1911—London, England: 3 trombones are included in the orchestra performing for the coronation of King George V and Queen Mary in Westminster Abbey (Musical Times, 1 July 1911).
More Trombone History Hubs
- Trombone Names Throughout History
The trombone, an instrument that originated in the 15th century, has a long history of colorful names. What other single instrument can boast nomenclature as interesting and varied as sagbot, shagbolt,...
- Females in Trombone History, 1500-1900
The idea that females did not become serious trombone players until the 20th century is a misconception. While many of the visual images shown below are symbolic (e.g., depictions of muses and angels), there...
- Trombone History in Latin America, 1500-1750
Latin America normally gets only a few pages, at the most, in the standard histories of the trombone. It probably deserves more. Records document a significant amount of trombone activity in colonial Latin...
- Christmas Bells Are Ringing: The Trombone and Christmas throughout History
It's early September as I write this, but one of my children recently put up her Christmas list on the fridge. It's never too early, I suppose! Which got me thinking... As I mentioned in another article,...
- Trombone History: Cherubs Playing the Trombone
In visual art, a cherub, or more strictly speaking, a putto, is an infant or toddler, almost always male and with wings, found especially in Baroque art. So what are they doing playing trombone? The main...
- Angel Trombonists Throughout History: 41 Images
"What do the angels, those heavenly and most perfect musicanti, play other than these? For if we encounter something about music in the Scriptures, we hear either of a trumpet or a trombone (Kuhnau, 28). ...
- Trombone History: The Trombone in Parades, 15th and 16th Centuries
76 trombones led the big parade! When Meredith Willson penned those lyrics in 1957 for the Broadway musical The Music Man, the author was unwittingly reflecting not just a recent local tradition, but nearly...
- Trombone History: The Trombone in Parades, 17th-19th Centuries
This is the second of a two-part series on the history of the trombone in processions. For the first hub, see here. The trend in the three centuries represented below is a general movement from royal and...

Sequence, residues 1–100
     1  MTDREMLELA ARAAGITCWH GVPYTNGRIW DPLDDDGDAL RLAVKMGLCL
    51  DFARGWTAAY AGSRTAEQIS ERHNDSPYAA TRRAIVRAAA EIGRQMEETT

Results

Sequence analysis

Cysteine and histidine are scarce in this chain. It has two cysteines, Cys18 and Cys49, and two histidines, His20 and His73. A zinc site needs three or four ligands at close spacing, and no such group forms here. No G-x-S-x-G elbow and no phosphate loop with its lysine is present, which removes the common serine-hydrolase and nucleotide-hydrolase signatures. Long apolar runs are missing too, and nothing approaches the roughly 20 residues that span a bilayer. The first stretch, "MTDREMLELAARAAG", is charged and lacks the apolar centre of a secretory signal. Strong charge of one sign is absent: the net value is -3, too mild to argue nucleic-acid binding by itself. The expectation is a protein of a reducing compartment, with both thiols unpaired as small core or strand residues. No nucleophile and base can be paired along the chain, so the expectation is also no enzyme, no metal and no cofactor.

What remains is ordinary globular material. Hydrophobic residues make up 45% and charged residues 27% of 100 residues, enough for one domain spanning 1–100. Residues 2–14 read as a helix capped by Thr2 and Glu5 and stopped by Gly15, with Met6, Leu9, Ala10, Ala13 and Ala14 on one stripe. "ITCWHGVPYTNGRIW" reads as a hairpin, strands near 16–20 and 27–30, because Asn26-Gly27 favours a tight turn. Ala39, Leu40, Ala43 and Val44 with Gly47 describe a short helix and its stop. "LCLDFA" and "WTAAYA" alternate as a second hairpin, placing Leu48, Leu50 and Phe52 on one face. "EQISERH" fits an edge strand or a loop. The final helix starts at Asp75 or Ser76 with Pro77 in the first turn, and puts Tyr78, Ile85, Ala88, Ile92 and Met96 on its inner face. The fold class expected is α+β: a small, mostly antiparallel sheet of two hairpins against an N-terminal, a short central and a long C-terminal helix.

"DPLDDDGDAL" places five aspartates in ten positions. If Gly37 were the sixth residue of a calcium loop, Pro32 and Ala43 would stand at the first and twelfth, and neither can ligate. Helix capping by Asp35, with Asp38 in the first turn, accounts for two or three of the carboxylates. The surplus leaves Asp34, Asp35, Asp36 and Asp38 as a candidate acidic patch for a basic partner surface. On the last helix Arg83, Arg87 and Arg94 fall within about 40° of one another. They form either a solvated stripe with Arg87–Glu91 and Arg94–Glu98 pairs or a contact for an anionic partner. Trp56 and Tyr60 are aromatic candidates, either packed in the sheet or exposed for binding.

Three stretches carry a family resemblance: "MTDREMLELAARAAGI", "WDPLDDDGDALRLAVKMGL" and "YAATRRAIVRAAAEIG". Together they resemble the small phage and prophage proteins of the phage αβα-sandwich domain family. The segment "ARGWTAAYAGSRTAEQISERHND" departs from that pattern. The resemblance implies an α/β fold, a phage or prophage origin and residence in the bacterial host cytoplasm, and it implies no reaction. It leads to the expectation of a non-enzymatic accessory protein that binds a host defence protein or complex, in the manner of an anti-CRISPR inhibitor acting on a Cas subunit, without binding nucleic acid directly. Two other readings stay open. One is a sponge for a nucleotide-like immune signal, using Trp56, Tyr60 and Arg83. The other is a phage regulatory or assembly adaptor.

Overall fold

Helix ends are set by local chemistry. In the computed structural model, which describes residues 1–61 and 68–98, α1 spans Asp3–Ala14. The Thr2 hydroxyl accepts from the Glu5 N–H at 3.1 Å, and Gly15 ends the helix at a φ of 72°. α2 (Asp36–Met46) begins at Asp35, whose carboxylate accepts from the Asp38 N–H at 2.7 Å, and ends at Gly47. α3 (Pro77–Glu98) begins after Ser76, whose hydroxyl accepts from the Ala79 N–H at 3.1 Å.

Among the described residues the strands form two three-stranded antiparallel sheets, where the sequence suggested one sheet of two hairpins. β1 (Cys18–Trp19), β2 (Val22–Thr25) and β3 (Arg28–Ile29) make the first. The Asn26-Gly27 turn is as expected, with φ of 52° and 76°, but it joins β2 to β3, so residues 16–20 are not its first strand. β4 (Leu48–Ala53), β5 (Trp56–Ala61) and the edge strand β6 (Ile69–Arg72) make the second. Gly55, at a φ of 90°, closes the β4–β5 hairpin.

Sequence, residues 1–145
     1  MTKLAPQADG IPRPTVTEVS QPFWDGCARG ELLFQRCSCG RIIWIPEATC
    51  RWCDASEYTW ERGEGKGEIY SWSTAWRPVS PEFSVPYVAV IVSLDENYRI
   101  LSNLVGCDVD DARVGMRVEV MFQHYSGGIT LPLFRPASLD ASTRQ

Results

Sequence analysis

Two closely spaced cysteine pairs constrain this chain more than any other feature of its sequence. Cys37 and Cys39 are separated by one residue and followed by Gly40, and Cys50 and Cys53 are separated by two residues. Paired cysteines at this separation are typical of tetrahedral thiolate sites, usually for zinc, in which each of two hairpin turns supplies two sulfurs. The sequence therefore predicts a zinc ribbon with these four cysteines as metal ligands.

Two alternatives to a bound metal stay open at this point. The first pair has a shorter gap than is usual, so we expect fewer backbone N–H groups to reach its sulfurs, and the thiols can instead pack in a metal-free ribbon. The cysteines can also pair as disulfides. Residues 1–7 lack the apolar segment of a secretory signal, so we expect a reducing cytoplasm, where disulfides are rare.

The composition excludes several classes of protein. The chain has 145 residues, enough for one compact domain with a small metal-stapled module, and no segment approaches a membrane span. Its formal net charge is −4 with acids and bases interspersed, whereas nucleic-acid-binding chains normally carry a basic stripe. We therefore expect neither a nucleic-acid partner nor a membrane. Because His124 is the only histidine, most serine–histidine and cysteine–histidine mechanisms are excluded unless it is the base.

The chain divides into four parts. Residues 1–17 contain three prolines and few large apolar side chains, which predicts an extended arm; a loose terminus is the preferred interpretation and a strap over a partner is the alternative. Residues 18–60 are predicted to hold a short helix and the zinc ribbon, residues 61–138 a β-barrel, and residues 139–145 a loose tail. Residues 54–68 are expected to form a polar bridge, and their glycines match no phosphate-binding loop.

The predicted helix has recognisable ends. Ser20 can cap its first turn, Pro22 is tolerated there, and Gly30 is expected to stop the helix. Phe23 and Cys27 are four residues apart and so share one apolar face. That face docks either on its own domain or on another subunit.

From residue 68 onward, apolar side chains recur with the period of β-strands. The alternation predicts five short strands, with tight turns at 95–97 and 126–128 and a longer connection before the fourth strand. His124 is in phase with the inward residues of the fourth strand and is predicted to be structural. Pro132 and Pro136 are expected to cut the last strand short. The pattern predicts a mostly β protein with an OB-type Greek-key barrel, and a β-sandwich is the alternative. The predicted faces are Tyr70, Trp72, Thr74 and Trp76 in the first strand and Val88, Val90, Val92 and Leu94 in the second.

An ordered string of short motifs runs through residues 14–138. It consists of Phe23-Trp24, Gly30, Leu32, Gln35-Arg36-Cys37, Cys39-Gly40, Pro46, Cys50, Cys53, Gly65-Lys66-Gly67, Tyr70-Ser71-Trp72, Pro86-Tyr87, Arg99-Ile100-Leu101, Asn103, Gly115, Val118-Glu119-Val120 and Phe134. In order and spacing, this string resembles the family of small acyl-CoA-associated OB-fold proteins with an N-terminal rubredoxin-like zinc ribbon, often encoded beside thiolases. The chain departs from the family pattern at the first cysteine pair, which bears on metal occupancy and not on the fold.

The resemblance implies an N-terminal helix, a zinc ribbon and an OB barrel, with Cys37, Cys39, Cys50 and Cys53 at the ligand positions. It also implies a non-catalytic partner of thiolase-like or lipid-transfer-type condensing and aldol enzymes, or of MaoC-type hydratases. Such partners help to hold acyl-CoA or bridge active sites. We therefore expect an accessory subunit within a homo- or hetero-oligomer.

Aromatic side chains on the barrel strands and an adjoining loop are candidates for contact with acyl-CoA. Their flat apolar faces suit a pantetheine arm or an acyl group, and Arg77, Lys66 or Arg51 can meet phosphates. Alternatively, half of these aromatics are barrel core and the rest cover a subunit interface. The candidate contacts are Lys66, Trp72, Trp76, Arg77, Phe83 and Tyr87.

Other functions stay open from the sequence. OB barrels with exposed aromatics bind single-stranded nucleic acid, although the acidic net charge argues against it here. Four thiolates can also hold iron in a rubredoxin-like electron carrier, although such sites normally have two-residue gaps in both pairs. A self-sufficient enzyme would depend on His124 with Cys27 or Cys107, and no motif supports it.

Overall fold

- Sound Qualities of the Early Trombone: 20 Primary Sources
A few years ago I applied for funding to purchase a set of sackbuts, or early trombones, for my university. I decided at the time to do some research, in the form of both recordings and primary sources, into...
- Super Slides: Trombones with Extension Handles
Before bass trombones had valves to access extra tubing for lower notes, players were forced to use extra-long slides if they wanted to extend the lower register. These slides were long enough that extension...
- How to Hold a Sackbut: The Grip of the Early Trombone in Pictures
Occasionally there is discussion about how the sackbut, or early trombone, should be held. Among other differences, in contrast to the modern trombone, the stays on these early trombones are flat, so the...
- Trombone History: A Mischievous Trombonist in Renaissance Italy
Siena, Italy, ca. 1572, from Civitates Orbis Terrarum Sixteenth-century, Siena, Italy, boasted a first-rate musical establishment in both its Palace wind band and its cathedral musical establishment,...
- Trombone History: Trombones in Water Processions
A brief history of the trombone in water processions. Trombone history in the late Renaissance and Early Baroque.
More by this Author
A collection of 93 pictures of trombone-playing angels from the 15th century to the 19th century
A history of the trombone in Christmas.
Strictly speaking, it would be presumptuous to say these are the "best" brass quintets; however, it is possible to at least compile a list of good, standard repertoire for the genre. This is a list of standard...
No comments yet.